Narrating Class in American Fiction - American Literature Readings in the 21st Century (Paperback)
  • Narrating Class in American Fiction - American Literature Readings in the 21st Century (Paperback)
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Narrating Class in American Fiction - American Literature Readings in the 21st Century (Paperback)

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£89.99
Paperback 271 Pages / Published: 13/01/2009
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Focusing on American fiction from 1850-1940, Narrating Class in American Fiction offers close readings in the context of literary and political history to detail the uneasy attention American authors gave to class in their production of social identities.

Publisher: Palgrave Macmillan
ISBN: 9781349376278
Number of pages: 271
Weight: 430 g
Dimensions: 229 x 152 x 15 mm
Edition: 1st ed. 2009


MEDIA REVIEWS

"Like his writers, Dow combines craft consciousness and class consciousness. He is especially good in his chapters on Whitman, Le Sueur, Agee, and his sections on literary journalism. Narrating Class in American Fiction is balanced and perceptive, one of the best of the recent studies of literature and class in America." - Robert Shulman, Emeritus Professor of English, University of Washington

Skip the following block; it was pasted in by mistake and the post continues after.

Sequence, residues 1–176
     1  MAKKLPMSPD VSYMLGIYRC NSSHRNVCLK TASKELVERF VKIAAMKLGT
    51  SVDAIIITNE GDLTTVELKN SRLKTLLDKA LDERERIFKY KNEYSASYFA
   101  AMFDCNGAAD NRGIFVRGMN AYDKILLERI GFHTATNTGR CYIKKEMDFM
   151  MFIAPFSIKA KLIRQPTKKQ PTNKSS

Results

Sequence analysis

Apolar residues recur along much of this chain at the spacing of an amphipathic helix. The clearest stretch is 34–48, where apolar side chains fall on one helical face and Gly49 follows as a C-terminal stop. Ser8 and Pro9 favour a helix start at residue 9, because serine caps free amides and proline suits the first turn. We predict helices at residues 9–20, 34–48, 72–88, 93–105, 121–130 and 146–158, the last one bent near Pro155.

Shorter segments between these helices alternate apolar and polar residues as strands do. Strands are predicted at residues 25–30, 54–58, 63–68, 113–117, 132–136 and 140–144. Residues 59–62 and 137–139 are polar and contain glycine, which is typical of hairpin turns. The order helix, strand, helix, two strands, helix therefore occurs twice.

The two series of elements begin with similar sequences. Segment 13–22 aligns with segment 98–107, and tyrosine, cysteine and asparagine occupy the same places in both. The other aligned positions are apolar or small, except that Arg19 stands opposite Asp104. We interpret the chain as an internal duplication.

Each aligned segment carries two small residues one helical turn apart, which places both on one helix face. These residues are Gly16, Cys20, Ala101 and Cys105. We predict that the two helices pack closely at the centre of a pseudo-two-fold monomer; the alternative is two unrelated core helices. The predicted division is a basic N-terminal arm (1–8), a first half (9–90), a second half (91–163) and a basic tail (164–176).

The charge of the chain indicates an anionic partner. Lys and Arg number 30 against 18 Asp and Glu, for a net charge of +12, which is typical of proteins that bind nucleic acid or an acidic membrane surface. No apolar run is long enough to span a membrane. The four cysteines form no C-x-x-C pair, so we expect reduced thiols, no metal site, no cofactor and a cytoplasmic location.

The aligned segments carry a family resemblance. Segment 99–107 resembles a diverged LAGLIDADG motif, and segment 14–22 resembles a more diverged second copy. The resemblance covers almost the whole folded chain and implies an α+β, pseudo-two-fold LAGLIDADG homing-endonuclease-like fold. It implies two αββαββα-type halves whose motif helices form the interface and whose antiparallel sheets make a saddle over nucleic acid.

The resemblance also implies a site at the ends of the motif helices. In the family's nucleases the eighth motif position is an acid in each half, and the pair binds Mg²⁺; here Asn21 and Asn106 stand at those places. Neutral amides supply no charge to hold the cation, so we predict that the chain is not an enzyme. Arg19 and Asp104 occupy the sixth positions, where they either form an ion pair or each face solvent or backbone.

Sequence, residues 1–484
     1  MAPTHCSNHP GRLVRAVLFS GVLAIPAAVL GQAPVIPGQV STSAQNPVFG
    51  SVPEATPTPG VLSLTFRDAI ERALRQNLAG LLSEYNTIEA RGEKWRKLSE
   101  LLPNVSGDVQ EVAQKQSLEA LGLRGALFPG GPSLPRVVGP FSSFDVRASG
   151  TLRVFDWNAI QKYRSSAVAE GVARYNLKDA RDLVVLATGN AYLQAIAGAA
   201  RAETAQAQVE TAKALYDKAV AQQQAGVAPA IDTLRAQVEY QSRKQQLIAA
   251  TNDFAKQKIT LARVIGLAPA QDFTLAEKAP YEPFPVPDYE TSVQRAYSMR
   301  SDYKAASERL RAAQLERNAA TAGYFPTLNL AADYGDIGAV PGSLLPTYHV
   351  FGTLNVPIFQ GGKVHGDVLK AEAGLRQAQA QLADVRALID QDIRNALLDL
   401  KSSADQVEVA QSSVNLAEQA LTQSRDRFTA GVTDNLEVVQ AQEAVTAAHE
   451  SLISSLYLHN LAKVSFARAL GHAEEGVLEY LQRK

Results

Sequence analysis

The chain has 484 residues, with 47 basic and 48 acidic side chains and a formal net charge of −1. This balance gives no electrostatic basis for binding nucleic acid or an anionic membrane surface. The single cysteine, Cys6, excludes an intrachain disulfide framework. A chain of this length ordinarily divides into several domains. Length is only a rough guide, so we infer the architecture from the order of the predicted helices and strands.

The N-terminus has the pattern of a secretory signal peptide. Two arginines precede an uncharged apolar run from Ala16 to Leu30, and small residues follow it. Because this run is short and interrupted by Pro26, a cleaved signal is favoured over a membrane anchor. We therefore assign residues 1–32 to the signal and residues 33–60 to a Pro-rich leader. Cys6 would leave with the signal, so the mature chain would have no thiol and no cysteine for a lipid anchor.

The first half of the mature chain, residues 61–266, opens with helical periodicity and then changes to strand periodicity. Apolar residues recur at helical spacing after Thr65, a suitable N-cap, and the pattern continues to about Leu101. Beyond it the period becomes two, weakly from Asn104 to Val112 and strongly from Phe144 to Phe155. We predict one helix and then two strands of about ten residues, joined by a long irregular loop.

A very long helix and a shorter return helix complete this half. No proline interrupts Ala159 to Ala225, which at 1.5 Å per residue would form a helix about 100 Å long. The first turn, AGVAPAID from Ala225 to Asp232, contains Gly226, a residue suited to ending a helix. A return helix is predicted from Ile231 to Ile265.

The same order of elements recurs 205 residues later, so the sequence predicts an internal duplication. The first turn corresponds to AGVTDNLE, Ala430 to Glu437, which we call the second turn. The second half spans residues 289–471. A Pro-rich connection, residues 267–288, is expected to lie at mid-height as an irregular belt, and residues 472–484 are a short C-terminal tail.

"Narrating Class in American Fiction engages us in more than one way. Not only does it make an important and insightful contribution to the scholarship on the issue of class in American literature, but it also provides a welcome and long overdue examination of the influence of journalism on American literature. For too long those connections have remained largely unexamined. Now Dow's book eloquently provides insight into how literary journalism helped to shape the work of such authors as Whitman, Crane, and London. Equally important, he contributes to restoring the importance of such authors as Rebecca Harding Davis, Meridel Le Sueur, Zora Neale Hurston, and Agnes Smedley, again through the prism of how their journalistically infused literature and literary journalism ultimately shaped their literary visions. Narrating Class in American Fiction is to be commended for helping fill the void of a history we have long been denied." - John C. Hartsock, SUNY Cortland and the author of A History of American Literary Journalism

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